Schoolchildren find themselves stranded after a plane crash and must find a way to survive on an island. You may remember that story as relayed in William Golding’s Lord of the Flies.
Early efforts at creating some sort of social order gradually disintegrate into an all-out survival of the fittest. There, the character Ralph, a socially conscious voice of reason, cautions his peers, “We need an assembly. Not for fun. Not for laughing and falling off the log…not for making jokes, or…for cleverness. Not for these things. But to put things straight.”
What happened in America 229 years ago, on May 25, 1787, exemplifies the potency of Golding’s words which he wrote in the immediate aftermath of World War II.
Photo Credit: Wikimedia
Twenty-nine delegates assembled in Philadelphia’s Independence Hall on that day. Familiar faces of the times included New York’s Alexander Hamilton, South Carolina’s John Rutledge and Rufus King from Massachusetts. Virginia sent the brightest lights of George Mason, James Madison, and that revered Revolutionary War General, George Washington.
They initially convened to amend the Articles of Confederation. Pennsylvania’s Dr. Benjamin Franklin had planned to nominate Washington to preside over the convention but could not attend because, “The state of the weather and of his health confined him to his house.” Instead, Robert Morris from Pennsylvania made the motion and Washington was “unanimously elected by ballot.”
Photo Credit: Wikimedia
The weeks wore on and more delegates trickled in. The assembly devised procedural rules to govern deliberations. They disagreed about much. Connecticut’s Roger Sherman believed, “The people…should have as little to do as may be about government. They want information and are constantly liable of being misled.” Elbridge Gerry from Massachusetts wholeheartedly agreed, “The people do not want virtue, but are the dupes of pretended patriots…they are daily misled into the most baneful measures and opinions…” George Mason rebuffed both however, calling direct elections by the people “the grand depository of the democratic principle of government…It ought to know and sympathize with every part of the community.”
There were other points of disagreement. Should the national legislature select the president? When some envisioned one executive leader, Virginia’s Edmund Randolph woefully “…regarded it as the fetus of monarchy.” Pennsylvania’s James Wilson saw it differently however, insisting that “unity in the executive” would “be the best safeguard against tyranny.”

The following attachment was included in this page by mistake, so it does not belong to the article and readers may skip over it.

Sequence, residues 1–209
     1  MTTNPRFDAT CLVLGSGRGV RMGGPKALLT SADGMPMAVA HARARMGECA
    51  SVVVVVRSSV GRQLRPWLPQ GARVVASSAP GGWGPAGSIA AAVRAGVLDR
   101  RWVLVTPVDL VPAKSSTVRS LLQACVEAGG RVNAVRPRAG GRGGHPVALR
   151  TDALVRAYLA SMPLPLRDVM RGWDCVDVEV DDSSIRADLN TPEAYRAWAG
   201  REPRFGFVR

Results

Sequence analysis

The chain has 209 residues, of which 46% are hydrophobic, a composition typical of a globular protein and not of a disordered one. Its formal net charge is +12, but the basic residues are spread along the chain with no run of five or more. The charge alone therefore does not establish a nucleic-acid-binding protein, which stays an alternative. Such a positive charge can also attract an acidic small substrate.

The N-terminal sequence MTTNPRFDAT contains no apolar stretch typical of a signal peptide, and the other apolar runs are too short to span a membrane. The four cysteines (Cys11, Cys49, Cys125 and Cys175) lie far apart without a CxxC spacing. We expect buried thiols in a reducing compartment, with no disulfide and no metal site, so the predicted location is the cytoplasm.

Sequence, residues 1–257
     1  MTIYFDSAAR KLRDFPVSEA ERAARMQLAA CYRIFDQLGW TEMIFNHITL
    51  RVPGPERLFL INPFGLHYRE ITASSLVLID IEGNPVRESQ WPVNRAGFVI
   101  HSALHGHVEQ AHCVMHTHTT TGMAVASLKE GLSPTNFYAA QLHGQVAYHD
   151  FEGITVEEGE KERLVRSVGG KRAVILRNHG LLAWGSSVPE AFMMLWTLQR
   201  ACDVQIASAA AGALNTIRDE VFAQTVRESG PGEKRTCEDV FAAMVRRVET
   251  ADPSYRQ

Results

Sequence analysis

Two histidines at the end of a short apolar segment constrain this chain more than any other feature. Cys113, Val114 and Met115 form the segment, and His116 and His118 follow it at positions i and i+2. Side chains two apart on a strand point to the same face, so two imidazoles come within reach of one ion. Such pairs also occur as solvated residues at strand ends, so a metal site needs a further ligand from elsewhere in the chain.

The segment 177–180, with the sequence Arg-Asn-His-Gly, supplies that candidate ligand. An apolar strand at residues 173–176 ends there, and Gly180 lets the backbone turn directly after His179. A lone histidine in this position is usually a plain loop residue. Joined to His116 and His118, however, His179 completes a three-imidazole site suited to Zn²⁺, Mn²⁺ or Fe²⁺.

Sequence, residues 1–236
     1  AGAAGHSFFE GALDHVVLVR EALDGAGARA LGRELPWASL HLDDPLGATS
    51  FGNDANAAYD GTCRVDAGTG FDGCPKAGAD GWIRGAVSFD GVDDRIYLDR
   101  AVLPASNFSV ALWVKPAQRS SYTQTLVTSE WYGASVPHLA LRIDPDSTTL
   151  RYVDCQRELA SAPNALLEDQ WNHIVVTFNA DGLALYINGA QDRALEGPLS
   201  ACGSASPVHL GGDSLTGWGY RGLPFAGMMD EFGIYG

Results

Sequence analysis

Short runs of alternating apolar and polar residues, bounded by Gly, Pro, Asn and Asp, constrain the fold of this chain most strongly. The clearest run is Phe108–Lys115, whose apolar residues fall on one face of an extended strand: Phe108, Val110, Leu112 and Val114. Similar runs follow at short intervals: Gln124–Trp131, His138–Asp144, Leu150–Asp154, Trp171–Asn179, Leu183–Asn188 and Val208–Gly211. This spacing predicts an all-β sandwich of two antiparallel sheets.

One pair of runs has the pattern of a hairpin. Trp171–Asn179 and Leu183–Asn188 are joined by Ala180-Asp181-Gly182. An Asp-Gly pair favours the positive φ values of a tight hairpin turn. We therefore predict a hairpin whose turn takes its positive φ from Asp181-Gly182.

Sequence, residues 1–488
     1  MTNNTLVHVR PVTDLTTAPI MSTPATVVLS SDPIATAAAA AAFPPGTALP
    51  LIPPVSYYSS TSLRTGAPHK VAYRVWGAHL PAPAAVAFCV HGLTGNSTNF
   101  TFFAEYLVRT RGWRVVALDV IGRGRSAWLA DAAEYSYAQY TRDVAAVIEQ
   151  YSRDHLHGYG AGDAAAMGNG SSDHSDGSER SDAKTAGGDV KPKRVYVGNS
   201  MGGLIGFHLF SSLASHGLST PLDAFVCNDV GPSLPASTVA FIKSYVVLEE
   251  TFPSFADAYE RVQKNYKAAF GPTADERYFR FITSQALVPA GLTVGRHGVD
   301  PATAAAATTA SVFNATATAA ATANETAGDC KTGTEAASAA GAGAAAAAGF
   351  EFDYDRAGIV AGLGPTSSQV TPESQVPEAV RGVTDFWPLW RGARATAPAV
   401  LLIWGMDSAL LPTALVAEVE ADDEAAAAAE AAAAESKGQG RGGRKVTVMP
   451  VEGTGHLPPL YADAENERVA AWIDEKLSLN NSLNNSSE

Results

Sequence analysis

Many disputes erupted over four months, and 55 total delegates ultimately participated. By the end of it, on September 17, they all found common ground. Indeed, Madison had noted early on, “But he should shrink from nothing which should be found essential to such a form of government as would provide for the safety, liberty and happiness of the community.”
As the assembly prepared to disband, Dr. Franklin finally found the answer to a vexing question. While near the end of his own life, his heart shed the temporal confines of that moment. He saw the chair where Washington had sat; its mahogany back depicted a painted sun. Franklin noted, “I have…looked at that behind the president, without being able to tell whether it was rising or setting; but now at length, I have the happiness to know that it is a rising and not a setting sun.”
Photo Credit: Independence Hall Association
Those 55 delegates laid the cornerstone for a nation we still inhabit. There wasn’t any Internet, and no one walked on the moon. Vision instead sprang from some deeper human core, fueled by an unfettered propensity for imagination and ingenuity. In that place, they found consensus.
That’s one way to put things straight.
Submitted by Jason Bowns